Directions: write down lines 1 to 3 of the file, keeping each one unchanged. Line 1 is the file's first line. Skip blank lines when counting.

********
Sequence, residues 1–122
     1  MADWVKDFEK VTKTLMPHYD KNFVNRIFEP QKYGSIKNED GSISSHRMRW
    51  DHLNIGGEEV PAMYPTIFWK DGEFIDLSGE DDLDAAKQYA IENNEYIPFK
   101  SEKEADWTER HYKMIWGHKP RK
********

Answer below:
Sequence, residues 1–122
     1  MADWVKDFEK VTKTLMPHYD KNFVNRIFEP QKYGSIKNED GSISSHRMRW
    51  DHLNIGGEEV PAMYPTIFWK DGEFIDLSGE DDLDAAKQYA IENNEYIPFK